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Laccase-derived lignin compounds boost cellulose oxidative enzymes AA9

Overview of attention for article published in Biotechnology for Biofuels and Bioproducts, January 2018
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  • In the top 25% of all research outputs scored by Altmetric
  • High Attention Score compared to outputs of the same age (80th percentile)
  • High Attention Score compared to outputs of the same age and source (82nd percentile)

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Title
Laccase-derived lignin compounds boost cellulose oxidative enzymes AA9
Published in
Biotechnology for Biofuels and Bioproducts, January 2018
DOI 10.1186/s13068-017-0985-8
Pubmed ID
Authors

Lívia Brenelli, Fabio M. Squina, Claus Felby, David Cannella

Abstract

The discovery of lignin as activator for the redox enzyme lytic polysaccharide monooxygenases (LPMOs) for the oxidation of cell-wall polysaccharides opens a new scenario for investigation of the interplay between different lignocellulose-degrading enzymes. The lignin-active enzymes in one hand, and the carbohydrate active in the other, are linked through a variety of electrons carrier molecules either derived from lignin or enzymatically transferred. Likewise, in nature, many lignocellulose-degrading organisms are expressing those enzymes simultaneously, and we wanted to test if a major commercial available lignin oxidase enzyme, i.e., laccase could benefit and synergize the activity of the LPMOs by depolymerizing the insoluble lignin. In this work, two fungal laccases together with a mediator (ABTS) were used to isolate low-molecular-weight lignin from lignocellulosic biomass. The isolated lignins were used as electron donors for activation of LPMOs. A direct correlation between the low-molecular-weight lignin isolated with laccases and an increased activity of a cellulolytic cocktail containing LPMO was found when pure cellulose was hydrolyzed. We then tried to implement existing commercial cellulases cocktail with laccase enzymes, but under the conditions tested, the co-incubation of laccases with LPMOs showed a substrate competition towards oxygen inhibiting the LPMO. In addition, we found that laccase treatment may cause other modifications to pure cellulose, rendering the material more recalcitrant for enzymatic saccharification. Laccase-mediated system was able to depolymerize lignin from pre-treated and native sugarcane bagasse and wheat straw, and the released phenolic molecules were able to donate electrons to LPMO enzymes boosting the overall enzymatic hydrolysis of cellulose. Likewise, other poly-phenol oxidase, we might have just started showing possible pros or cons in applying several oxidase enzymes for a simultaneous degradation of cellulose and lignin, and we found that the competition towards oxygen and their different consumption rates must be taken into account for any possible co-application.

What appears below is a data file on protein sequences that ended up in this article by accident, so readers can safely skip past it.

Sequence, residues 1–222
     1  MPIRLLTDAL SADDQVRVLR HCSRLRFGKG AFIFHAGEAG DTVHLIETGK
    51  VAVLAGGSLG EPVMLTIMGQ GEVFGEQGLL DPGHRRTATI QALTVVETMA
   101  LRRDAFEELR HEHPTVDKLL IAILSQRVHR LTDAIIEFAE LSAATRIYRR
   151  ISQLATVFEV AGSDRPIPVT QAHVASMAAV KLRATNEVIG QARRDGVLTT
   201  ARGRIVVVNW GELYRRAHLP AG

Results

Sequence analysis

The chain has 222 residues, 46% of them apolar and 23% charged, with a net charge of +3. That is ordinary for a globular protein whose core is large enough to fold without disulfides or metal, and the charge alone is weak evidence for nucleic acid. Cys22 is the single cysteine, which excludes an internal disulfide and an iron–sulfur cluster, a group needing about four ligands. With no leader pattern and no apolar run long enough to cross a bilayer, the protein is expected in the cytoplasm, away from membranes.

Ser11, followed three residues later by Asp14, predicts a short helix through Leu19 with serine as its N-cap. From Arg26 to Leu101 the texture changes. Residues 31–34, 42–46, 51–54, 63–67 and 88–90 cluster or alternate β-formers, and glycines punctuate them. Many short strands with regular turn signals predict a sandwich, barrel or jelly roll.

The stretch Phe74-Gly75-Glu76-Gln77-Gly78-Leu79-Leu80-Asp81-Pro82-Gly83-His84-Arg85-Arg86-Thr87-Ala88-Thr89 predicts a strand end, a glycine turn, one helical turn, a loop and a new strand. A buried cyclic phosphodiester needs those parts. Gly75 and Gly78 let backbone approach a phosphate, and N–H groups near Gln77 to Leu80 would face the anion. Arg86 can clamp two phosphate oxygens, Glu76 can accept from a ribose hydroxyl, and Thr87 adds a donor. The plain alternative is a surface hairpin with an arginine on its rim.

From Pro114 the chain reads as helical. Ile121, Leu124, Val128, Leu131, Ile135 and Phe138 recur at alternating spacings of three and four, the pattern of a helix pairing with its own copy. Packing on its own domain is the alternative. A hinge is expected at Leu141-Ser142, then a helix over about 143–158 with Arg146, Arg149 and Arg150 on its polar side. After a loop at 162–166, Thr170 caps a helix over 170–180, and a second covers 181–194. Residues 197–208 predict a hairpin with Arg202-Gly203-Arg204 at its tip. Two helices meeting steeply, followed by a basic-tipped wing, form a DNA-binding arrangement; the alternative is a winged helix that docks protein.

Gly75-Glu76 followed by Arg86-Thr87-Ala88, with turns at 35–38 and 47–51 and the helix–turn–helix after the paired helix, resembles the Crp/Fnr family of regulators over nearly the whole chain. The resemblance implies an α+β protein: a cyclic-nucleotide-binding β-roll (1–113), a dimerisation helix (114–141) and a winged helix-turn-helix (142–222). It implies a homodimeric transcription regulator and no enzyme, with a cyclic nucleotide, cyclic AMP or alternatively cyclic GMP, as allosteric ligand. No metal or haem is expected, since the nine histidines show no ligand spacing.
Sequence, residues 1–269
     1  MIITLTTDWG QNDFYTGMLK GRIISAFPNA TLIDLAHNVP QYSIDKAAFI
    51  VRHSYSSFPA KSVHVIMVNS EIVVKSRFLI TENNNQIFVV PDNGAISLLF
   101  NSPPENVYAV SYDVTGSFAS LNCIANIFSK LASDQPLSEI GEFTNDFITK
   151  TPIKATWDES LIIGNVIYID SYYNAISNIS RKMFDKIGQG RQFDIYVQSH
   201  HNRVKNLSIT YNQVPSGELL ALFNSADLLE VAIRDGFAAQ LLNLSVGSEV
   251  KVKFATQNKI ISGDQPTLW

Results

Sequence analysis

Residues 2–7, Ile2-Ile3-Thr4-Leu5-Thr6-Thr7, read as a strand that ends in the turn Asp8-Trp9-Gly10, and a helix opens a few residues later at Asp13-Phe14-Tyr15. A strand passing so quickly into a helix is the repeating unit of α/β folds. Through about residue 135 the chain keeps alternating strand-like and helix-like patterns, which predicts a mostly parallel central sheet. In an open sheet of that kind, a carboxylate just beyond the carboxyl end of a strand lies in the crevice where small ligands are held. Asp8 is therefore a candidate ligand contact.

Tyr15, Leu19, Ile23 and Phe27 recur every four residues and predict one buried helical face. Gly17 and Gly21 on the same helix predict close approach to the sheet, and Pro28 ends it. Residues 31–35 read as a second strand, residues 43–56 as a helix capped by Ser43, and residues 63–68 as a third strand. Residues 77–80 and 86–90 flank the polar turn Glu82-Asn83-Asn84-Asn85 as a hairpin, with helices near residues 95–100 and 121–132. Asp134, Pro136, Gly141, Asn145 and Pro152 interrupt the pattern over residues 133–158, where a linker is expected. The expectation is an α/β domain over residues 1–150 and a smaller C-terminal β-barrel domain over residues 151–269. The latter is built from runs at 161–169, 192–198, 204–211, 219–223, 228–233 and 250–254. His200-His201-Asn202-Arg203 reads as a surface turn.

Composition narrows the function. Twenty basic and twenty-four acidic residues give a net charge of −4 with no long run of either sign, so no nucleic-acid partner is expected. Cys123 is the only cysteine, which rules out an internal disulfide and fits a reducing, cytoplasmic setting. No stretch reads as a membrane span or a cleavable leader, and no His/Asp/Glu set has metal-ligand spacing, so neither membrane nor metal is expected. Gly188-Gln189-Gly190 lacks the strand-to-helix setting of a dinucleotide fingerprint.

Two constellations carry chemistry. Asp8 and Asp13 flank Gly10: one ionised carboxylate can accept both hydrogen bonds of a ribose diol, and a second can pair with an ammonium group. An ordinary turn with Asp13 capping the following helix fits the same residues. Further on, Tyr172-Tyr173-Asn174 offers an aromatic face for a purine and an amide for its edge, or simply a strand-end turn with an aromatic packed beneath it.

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X Demographics

The data shown below were collected from the profiles of 15 X users who shared this research output. Click here to find out more about how the information was compiled.
Mendeley readers

Mendeley readers

The data shown below were compiled from readership statistics for 162 Mendeley readers of this research output. Click here to see the associated Mendeley record.

Geographical breakdown

Country Count As %
Unknown 162 100%

Demographic breakdown

Readers by professional status Count As %
Student > Ph. D. Student 32 20%
Researcher 26 16%
Student > Master 23 14%
Student > Bachelor 12 7%
Student > Doctoral Student 6 4%
Other 22 14%
Unknown 41 25%
Readers by discipline Count As %
Biochemistry, Genetics and Molecular Biology 37 23%
Agricultural and Biological Sciences 25 15%
Chemistry 11 7%
Chemical Engineering 10 6%
Engineering 7 4%
Other 17 10%
Unknown 55 34%
Attention Score in Context

Attention Score in Context

This research output has an Altmetric Attention Score of 9. This is our high-level measure of the quality and quantity of online attention that it has received. This Attention Score, as well as the ranking and number of research outputs shown below, was calculated when the research output was last mentioned on 21 December 2018.
All research outputs
#4,222,536
of 25,382,440 outputs
Outputs from Biotechnology for Biofuels and Bioproducts
#234
of 1,578 outputs
Outputs of similar age
#86,569
of 451,258 outputs
Outputs of similar age from Biotechnology for Biofuels and Bioproducts
#7
of 41 outputs
Altmetric has tracked 25,382,440 research outputs across all sources so far. Compared to these this one has done well and is in the 83rd percentile: it's in the top 25% of all research outputs ever tracked by Altmetric.
So far Altmetric has tracked 1,578 research outputs from this source. They receive a mean Attention Score of 4.9. This one has done well, scoring higher than 85% of its peers.
Older research outputs will score higher simply because they've had more time to accumulate mentions. To account for age we can compare this Altmetric Attention Score to the 451,258 tracked outputs that were published within six weeks on either side of this one in any source. This one has done well, scoring higher than 80% of its contemporaries.
We're also able to compare this research output to 41 others from the same source and published within six weeks on either side of this one. This one has done well, scoring higher than 82% of its contemporaries.